Load shedding to continue well into 2015
Eskom is again appealing to South Africans to conserve electricity.
JOHANNESBURG - Eskom has again appealed to South Africans to change their behaviour in how they use electricity as the risk of load shedding increases.
The utility has been battling to keep up with demands due to limited generating capacity, ageing infrastructure and several technical issues at its power stations.
Eskom CEO Tshediso Matona gave an update on the state of the country's power system yesterday, painting a bleak picture.
He's admitted not enough maintenance on power plants has been done in the past, resulting in the crisis which has plunged the country into darkness.
Deputy President Cyril Ramaphosa met with Eskom officials about the ongoing plans to help the utility deal with electricity problems, but he hasn't yet made an announcement on government interventions.
Matona however says he was impressed with what Eskom has done so far.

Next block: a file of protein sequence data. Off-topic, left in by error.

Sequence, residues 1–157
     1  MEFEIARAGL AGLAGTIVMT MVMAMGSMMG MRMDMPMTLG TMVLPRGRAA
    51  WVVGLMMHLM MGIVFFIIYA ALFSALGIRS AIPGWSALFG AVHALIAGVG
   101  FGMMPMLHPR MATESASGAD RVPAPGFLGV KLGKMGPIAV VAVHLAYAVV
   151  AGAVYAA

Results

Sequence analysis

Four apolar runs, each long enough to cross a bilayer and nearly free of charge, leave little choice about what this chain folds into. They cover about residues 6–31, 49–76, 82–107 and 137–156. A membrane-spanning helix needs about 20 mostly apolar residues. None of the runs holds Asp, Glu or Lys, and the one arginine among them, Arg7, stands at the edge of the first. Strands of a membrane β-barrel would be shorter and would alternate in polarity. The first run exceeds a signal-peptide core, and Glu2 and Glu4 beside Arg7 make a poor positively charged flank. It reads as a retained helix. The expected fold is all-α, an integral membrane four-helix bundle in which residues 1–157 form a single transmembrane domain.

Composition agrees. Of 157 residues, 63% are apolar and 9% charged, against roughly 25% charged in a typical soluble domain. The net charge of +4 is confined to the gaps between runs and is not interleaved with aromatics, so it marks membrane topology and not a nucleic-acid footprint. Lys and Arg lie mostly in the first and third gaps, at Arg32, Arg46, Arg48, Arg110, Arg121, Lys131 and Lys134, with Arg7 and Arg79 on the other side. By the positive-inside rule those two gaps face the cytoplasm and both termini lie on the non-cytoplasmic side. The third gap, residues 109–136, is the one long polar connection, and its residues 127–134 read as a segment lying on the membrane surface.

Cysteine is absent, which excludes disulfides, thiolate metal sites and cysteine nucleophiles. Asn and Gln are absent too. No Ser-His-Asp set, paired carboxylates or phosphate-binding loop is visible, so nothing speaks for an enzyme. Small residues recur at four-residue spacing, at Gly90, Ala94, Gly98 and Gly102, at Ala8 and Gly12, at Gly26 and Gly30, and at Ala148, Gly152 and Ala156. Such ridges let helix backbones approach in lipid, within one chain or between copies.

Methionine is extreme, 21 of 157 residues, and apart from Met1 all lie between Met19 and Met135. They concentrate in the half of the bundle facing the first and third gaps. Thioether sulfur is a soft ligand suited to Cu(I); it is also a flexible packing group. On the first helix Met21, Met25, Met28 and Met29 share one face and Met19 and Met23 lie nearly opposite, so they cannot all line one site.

"When we interacted with it, I referred to it as a glorious company."
At the same time Matona admitted that the utility has not kept up to date with maintaining the power system.
"Eskom has not stayed faithful to that maintenance religion for a very long time."
This means regular load shedding is expected to take place daily for the next few months.
GOVT MUM ON ESKOM PLANS
Government is yet to make an announcement on its action plan to help Eskom financially.
Eskom is expected to run out of funds by mid-February.
Matona said government has been working with Eskom since December to develop a number of turnaround strategies.
Economists, business and industry leaders are concerned about the impact of further power outages and the sustainability of electricity in the future.
Matona has spent most of his week meeting with board members and business stakeholders regarding what can be expected in terms of electricity supply.
He has released a calendar indicating that load shedding will happen regularly during February, March and April.
Matona said it would take almost as long to fix the current state of the power system as it did for it to deteriorate.
But the head of the parastatal said he was committed to doing the right thing to ensure reliable electricity supply.
He said the utility had not been keeping up with maintenance work which led to equipment becoming unreliable.
"Eskom has not stayed faithful to that maintenance religion for a very long time and I think the unreliability of our equipment is a price that we are paying."
Matona said this short-term pain was important to ensure supply in the long-term.